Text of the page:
STRESS is an inevitable part of our life. Yet whether our daily hassles include the incessant gripes of a nasty boss or another hectoring letter from the Internal Revenue Service, we usually find some way of contending with them. In rare instances, though, terrifying events can overwhelm our coping capacities, leaving us psychologically paralyzed. In such cases, we may be at risk for post-traumatic stress disorder (PTSD).
PTSD is an anxiety disorder marked by flashbacks, nightmares and other symptoms that impair everyday functioning. The disorder is widespread. At least in the U.S., it is thought to affect about 8 percent of individuals at some point during their lifetime.
Although PTSD is one of the best known of all psychological disorders, it is also one of the most controversial. The intense psychological pain, even agony, experienced by sufferers is undeniably real. Yet the conditions under which PTSD occurs—in particular, the centrality of trauma as a trigger—have come increasingly into question. Mental health professionals have traditionally considered PTSD a typical, at times even ubiquitous, response to trauma. They have also regarded the disorder as distinct from other forms of anxiety spawned by life’s slings and arrows. Still, recent data fuel doubts about both assumptions.
PTSD did not formally enter psychiatry’s diagnostic bible, the Diagnostic and Statistical Manual of Mental Disorders (DSM), until 1980. Yet accounts of syndromes that mirror PTSD date back to Sumeria and ancient Greece, including a mention in Homer’s Iliad. In the American Civil War, veterans suffered from “soldier’s heart”; in World War I, it was called “shell shock,” and in World War II, the term used was “combat fatigue.” In the 1970s some soldiers returning from the war in Southeast Asia received informal diagnoses of “post-Vietnam syndrome,” which also bore a striking resemblance to the DSM’s description of PTSD.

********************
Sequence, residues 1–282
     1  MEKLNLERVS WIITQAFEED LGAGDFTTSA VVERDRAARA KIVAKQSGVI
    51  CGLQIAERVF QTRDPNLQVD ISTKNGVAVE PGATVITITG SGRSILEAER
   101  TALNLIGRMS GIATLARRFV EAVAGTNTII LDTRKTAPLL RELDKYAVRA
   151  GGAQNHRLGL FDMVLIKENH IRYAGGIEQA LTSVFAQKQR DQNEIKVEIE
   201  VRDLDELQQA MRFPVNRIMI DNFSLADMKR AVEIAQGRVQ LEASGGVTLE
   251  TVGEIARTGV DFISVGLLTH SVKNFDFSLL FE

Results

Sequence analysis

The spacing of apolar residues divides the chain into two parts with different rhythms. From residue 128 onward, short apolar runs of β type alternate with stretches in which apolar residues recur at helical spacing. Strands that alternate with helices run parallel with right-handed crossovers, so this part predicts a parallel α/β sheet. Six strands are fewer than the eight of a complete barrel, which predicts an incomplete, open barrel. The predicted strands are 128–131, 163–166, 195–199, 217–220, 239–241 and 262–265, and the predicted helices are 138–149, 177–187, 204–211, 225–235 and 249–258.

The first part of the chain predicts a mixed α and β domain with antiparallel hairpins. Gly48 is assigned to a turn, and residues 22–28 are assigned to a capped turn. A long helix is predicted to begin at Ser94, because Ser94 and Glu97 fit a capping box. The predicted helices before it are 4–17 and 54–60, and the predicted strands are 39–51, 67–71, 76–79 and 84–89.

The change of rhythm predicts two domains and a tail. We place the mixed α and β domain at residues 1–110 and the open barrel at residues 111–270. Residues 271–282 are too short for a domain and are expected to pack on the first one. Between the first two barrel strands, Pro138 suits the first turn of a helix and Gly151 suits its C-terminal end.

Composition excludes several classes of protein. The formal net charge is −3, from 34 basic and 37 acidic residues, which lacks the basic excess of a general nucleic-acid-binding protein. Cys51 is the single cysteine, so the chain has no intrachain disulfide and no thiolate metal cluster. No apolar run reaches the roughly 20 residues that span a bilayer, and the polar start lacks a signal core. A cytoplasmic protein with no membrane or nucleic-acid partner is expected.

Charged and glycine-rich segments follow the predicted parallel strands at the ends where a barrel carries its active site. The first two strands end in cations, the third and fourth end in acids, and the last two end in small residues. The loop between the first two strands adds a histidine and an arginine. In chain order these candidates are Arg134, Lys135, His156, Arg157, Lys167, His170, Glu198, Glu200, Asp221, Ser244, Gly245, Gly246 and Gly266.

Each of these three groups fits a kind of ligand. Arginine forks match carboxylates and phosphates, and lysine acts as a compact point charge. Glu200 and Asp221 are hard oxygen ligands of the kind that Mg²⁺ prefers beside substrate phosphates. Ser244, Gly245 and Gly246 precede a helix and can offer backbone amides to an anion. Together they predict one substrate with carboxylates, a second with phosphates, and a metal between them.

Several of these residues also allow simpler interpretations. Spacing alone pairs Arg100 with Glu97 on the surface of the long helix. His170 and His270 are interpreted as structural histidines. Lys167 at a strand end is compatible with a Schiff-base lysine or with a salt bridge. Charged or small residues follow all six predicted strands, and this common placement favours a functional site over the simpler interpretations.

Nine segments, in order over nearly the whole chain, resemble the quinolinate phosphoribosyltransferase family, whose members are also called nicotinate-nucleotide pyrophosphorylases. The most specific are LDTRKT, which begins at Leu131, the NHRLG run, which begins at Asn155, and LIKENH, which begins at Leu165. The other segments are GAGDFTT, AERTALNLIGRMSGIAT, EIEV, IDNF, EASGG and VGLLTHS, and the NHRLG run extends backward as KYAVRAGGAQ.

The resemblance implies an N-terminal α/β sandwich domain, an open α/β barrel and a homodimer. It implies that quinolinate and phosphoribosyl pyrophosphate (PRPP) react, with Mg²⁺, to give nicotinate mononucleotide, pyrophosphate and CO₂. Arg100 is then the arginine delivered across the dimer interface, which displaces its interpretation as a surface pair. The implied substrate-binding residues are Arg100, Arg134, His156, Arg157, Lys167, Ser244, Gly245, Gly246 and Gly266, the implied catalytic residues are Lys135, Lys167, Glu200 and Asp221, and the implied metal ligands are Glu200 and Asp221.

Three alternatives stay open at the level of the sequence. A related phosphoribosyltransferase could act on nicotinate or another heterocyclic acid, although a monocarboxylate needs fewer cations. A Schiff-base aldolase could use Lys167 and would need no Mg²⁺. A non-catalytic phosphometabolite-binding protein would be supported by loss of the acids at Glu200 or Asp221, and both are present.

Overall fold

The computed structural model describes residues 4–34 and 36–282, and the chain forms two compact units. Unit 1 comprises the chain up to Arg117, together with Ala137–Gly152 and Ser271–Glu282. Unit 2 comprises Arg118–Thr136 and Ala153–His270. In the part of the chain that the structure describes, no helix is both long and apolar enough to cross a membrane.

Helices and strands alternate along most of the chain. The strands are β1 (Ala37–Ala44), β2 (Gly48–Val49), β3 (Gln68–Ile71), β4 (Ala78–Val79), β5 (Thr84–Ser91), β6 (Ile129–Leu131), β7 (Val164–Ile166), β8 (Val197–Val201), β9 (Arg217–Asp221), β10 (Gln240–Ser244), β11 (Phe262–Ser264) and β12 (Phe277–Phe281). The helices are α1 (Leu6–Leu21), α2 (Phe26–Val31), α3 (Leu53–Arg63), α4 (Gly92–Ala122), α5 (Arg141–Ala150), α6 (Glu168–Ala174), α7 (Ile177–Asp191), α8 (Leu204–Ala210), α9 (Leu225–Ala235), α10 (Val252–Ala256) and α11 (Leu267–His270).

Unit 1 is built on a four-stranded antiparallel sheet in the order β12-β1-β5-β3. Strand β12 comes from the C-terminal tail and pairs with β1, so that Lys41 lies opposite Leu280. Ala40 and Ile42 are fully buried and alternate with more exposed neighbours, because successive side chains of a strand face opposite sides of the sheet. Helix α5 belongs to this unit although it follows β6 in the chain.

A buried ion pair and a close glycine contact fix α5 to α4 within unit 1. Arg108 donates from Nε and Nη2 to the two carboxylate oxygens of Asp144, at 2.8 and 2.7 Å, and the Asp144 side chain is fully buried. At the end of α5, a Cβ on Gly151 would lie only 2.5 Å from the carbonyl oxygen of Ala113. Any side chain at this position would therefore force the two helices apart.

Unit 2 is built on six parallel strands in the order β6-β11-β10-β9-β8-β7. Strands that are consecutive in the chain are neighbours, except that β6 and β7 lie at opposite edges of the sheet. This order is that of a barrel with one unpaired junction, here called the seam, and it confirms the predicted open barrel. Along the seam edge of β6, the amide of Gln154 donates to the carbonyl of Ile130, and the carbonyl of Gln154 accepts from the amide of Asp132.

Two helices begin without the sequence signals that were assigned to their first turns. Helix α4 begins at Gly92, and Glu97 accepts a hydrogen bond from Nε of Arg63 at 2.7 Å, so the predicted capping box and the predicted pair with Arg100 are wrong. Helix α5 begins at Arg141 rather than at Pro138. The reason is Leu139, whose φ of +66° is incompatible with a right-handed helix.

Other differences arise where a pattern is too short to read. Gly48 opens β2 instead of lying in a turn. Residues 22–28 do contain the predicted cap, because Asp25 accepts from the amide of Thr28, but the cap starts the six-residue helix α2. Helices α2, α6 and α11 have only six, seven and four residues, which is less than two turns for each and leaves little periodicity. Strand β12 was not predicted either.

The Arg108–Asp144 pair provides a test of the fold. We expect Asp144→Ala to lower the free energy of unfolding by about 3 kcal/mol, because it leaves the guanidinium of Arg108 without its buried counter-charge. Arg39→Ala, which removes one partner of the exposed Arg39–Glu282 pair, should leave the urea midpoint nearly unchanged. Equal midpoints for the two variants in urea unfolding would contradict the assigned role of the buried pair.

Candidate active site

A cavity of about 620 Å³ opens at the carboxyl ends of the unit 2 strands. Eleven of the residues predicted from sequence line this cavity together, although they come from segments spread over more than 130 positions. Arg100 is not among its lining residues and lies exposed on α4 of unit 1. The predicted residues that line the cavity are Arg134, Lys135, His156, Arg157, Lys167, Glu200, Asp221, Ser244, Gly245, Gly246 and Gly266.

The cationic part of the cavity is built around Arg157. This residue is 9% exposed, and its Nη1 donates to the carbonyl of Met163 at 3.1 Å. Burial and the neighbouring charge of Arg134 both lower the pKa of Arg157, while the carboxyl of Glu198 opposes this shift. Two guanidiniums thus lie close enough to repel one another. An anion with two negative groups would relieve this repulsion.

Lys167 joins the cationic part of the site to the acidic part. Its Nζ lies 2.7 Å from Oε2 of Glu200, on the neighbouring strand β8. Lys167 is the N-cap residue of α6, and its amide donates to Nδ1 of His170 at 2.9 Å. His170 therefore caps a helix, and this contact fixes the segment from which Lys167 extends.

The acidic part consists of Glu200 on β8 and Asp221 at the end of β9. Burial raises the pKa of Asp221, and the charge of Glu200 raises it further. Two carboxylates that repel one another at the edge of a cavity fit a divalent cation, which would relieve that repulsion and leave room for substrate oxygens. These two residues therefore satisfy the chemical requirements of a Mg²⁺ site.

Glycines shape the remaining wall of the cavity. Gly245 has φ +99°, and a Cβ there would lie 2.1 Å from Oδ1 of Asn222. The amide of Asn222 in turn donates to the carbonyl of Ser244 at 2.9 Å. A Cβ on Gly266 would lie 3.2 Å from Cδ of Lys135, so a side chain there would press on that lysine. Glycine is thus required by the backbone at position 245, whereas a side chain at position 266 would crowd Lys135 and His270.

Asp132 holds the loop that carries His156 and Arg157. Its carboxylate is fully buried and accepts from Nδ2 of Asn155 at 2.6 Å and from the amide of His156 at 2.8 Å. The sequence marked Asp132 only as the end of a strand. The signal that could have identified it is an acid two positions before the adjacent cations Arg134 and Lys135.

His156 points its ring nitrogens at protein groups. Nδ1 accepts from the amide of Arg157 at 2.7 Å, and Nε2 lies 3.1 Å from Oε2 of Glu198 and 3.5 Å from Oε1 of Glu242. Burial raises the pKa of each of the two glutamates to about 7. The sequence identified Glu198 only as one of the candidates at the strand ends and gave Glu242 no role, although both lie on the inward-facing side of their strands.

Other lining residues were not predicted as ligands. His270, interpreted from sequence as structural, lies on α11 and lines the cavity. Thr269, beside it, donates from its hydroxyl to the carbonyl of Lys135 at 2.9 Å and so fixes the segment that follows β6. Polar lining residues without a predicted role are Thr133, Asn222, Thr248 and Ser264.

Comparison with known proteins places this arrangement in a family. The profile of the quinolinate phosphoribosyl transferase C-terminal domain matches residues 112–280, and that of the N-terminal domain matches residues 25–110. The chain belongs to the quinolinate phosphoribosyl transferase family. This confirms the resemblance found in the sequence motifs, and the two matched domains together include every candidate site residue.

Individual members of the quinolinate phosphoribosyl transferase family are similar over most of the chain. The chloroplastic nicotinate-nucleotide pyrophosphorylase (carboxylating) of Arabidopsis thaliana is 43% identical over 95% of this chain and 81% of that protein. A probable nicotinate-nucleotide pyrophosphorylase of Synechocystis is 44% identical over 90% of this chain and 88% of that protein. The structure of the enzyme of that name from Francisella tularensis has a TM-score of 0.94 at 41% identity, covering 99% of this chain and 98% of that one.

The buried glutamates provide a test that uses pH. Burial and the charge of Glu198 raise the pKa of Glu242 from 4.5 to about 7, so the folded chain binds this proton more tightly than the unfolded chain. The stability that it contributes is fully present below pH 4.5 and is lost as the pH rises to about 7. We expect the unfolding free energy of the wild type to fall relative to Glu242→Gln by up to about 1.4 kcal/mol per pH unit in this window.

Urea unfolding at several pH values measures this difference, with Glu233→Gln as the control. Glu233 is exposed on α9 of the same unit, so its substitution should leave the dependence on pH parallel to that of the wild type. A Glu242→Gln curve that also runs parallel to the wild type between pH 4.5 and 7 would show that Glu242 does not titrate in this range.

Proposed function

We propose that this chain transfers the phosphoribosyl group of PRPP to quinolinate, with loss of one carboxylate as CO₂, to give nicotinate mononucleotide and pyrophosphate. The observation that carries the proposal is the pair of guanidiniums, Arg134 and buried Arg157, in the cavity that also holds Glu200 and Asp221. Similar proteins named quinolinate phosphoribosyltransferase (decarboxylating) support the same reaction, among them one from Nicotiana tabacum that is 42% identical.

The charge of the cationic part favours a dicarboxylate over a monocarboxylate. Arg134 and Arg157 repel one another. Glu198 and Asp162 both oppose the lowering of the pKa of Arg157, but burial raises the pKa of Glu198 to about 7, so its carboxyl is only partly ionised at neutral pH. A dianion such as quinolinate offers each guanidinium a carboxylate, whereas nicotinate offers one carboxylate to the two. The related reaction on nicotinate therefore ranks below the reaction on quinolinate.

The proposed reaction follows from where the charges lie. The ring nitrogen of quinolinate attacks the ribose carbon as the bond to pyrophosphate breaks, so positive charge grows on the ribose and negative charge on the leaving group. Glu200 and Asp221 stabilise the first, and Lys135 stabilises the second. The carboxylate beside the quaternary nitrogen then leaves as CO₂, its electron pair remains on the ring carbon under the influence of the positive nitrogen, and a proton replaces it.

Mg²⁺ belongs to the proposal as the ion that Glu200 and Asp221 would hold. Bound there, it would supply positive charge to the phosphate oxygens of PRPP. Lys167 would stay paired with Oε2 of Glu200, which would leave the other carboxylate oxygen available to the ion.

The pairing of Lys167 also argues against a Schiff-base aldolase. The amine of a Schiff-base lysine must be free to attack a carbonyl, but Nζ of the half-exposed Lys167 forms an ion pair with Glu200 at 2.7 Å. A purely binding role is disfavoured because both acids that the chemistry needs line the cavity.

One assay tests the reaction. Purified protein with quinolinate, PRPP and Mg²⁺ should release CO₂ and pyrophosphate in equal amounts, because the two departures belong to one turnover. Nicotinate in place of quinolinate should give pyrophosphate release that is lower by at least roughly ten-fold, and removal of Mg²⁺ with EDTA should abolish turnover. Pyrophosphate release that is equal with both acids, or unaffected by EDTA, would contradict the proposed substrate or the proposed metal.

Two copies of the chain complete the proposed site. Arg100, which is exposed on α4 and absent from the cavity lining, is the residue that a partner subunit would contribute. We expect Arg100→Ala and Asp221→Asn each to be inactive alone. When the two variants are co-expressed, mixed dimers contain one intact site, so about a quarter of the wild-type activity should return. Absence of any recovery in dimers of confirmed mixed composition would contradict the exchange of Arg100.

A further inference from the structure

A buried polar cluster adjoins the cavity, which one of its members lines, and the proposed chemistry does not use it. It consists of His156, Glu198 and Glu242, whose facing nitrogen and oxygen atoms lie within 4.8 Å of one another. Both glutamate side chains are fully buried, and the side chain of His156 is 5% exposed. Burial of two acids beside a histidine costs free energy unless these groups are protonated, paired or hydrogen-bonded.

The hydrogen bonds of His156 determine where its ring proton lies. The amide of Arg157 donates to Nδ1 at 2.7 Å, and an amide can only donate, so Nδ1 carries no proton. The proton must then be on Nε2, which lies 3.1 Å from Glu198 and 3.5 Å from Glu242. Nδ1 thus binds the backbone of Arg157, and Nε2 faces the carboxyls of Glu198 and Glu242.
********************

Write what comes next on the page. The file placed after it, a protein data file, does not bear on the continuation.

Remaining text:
According to the DSM, PTSD occurs in the wake of “trauma”—defined by the manual as an extremely frightening event in which a person experiences or witnesses “actual or threatened death or serious injury, or a threat to the physical integrity of self or others.” (Less violent experiences such as serious relationship or financial problems do not count.) The most frequent triggers of PTSD thus include wartime combat, rape, murder, car accidents, fires, and natural disasters such as tornadoes, floods and earthquakes.
PTSD is now officially characterized by three sets of symptoms. These include reliving the event through intrusive memories and dreams; emotional avoidance such as steering clear of reminders of the trauma and detaching emotionally from others; and hyperarousal that causes sufferers to startle easily, sleep poorly and be on alert for potential threats. These problems must last for a month or more for someone to qualify for the PTSD label. To read more from Scott O. Lilienfeld, Hal Arkowitz, click here.